Roadmap to a career in animation and VFX

A short animated music video Peegoo Pigeon developed by a student from SoMAD, APU, screened in three international animation festivals.

AS Malaysia's digital content market continues to grow, the country now houses some 100 animation companies, 122 visual effects (VFX) companies, 57 games and interactive media companies and 93 new media and platforms companies – but with a vibrant digital ecosystem, there is much room to sharpen expertise and talent.

APU’s School of Media, Arts and Design (SoMAD) offers courses and programmes in animation and VFX at Diploma and Bachelor Degree levels, enabling students to specialise in modelling, animation and composite-based applications in the creation of character filmmaking.

The university shared that it works closely with creative industry leaders and hires specialist lecturers.

Furthermore, SoMAD is one of the first Toon Boom Centre of Excellence in Malaysia, which is a status granted to an institution offering exceptional academic programmes for animation and storyboarding using Toon Boom software.

Meanwhile, students will also have access to the Executive VFX Studios with industry-relevant software, powered by a seamless virtual lab and remote lab access that would enable both physical and virtual learning.

“At SoMAD, students get an overview of both animation and VFX at diploma level and can further specialise in either field by studying for a dual degree, Bachelor of Arts (Hons) in Animation or Bachelor of Arts (Hons) in Visual Effects, jointly offered by APU and De Montfort University (DMU), UK,” said SoMAD academic manager Edwin Pio Rufus.

APU's partnership with DMU in the United Kingdom enables students to be awarded dual awards - separate degree certificates and transcripts from each institution upon graduation – and enhances not just teaching and learning experiences, but also career prospects.

SoMAD has a dedicated Cintiq Lab for animation and VFX students to hone their drawing skills.SoMAD has a dedicated Cintiq Lab for animation and VFX students to hone their drawing skills.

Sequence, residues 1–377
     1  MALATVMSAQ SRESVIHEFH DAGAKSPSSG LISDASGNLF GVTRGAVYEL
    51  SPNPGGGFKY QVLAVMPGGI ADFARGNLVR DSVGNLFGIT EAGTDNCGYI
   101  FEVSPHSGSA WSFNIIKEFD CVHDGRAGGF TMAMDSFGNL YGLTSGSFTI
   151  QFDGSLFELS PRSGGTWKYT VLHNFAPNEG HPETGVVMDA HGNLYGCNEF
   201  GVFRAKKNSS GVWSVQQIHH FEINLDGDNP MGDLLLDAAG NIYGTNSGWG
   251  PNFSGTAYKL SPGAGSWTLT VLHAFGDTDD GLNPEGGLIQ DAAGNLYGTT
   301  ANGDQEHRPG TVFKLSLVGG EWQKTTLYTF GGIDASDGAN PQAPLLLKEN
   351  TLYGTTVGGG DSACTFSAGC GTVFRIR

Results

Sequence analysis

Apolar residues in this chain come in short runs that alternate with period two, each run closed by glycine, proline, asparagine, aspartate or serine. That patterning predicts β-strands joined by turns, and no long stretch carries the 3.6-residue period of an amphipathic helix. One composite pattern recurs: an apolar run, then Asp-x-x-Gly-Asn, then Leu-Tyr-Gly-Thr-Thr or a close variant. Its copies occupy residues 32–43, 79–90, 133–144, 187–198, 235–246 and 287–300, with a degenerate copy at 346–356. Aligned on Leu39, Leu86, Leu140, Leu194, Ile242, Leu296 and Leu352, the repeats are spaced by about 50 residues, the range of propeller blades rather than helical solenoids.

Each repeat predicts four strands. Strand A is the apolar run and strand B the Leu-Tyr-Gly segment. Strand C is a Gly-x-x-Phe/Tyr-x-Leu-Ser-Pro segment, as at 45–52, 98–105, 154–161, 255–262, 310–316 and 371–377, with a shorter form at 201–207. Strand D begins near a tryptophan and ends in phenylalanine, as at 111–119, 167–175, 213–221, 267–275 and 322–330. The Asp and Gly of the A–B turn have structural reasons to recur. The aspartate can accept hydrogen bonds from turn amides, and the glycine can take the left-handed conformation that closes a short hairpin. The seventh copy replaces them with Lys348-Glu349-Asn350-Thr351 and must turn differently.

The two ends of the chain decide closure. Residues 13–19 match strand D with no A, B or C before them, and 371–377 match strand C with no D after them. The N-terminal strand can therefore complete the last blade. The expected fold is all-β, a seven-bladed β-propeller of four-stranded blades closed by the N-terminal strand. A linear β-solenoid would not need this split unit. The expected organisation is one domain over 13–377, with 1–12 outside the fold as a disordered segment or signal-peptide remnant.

While some students and parents might find that both animation and VFX are similar in education, however, Edwin and animation programme leader Jack Lai, clarified: “Both animation and VFX are under the umbrella of the creative industry, but we would rather see it as a different specialism.

“Animation focuses on in-depth knowledge and methodology in animation, while VFX focuses on digital video production and post-production.

“Both animation and VFX support each other in the production pipeline. That is why the career pathway for both programmes could be seen as overlapping.”

The animation bachelor degree programme teaches students different animation techniques ranging from traditional 2D to computer-generated animation, development of animated content, character creation, character performance, motion design, rigging, effects and simulation.

“Our animation and VFX programmes teaching staff have a balanced blend of industry and academia experience and this has also enabled us to have strong links with industry, particularly through our Industry Advisory Board,” they stated.

Recent awards and recognitions that animation and VFX students won locally and internationally are testimonies of their learning outcome is meeting industry standards.

For instance, a short animated music video Peegoo Pigeon screened in three international animation festivals; two short films Saabham and Hemp is Better than Cotton directed by animation and VFX students won three awards in SDGFilmfest 2021.

While the short film Wolf was the finalist in the fourth Dimension International Film Festival 2021; animation projects Dream and Jealous Love were officially selected in Animart Festival 2021.

Edwin (third from left, in a necktie) demonstrating chroma keying – a visual-effects and post-production technique – at APU green screen production floor.Edwin (third from left, in a necktie) demonstrating chroma keying – a visual-effects and post-production technique – at APU green screen production floor.

Besides that, as a technology-driven university, Edwin said, APU has invested in state-of-the-art industry-relevant tools for students to practise and use when completing their coursework and assignments like Nuke, Substance Painter, Houdini, Toon Boom Harmony and ZBrush.

It also has a professional green screen production floor, and is equipped with high-end computers for effortless rendering, with a dual-display that enables students to work efficiently and effectively.

“On top of that, we have a Cintiq Lab to hone students’ drawing skills and four Executive Studios with industry-relevant software.

“Through our seamless virtual lab and remote lab access, students are given access to all these facilities at all times,” said Lai.

Students would gain production experience through industrial training as the emphasis is placed on professional practice for greater employment prospects.

According to the latest Annual Graduate Tracer Study by the Higher Education Ministry, 100% of APU graduates were employed upon graduation.

Furthermore, the university shared that some 50,000 alumni have been employed worldwide, to date.

To find out more about APU's Animation and VFX programmes, visit, call 03-8996 1000/1300 888 278 (toll-free) or email

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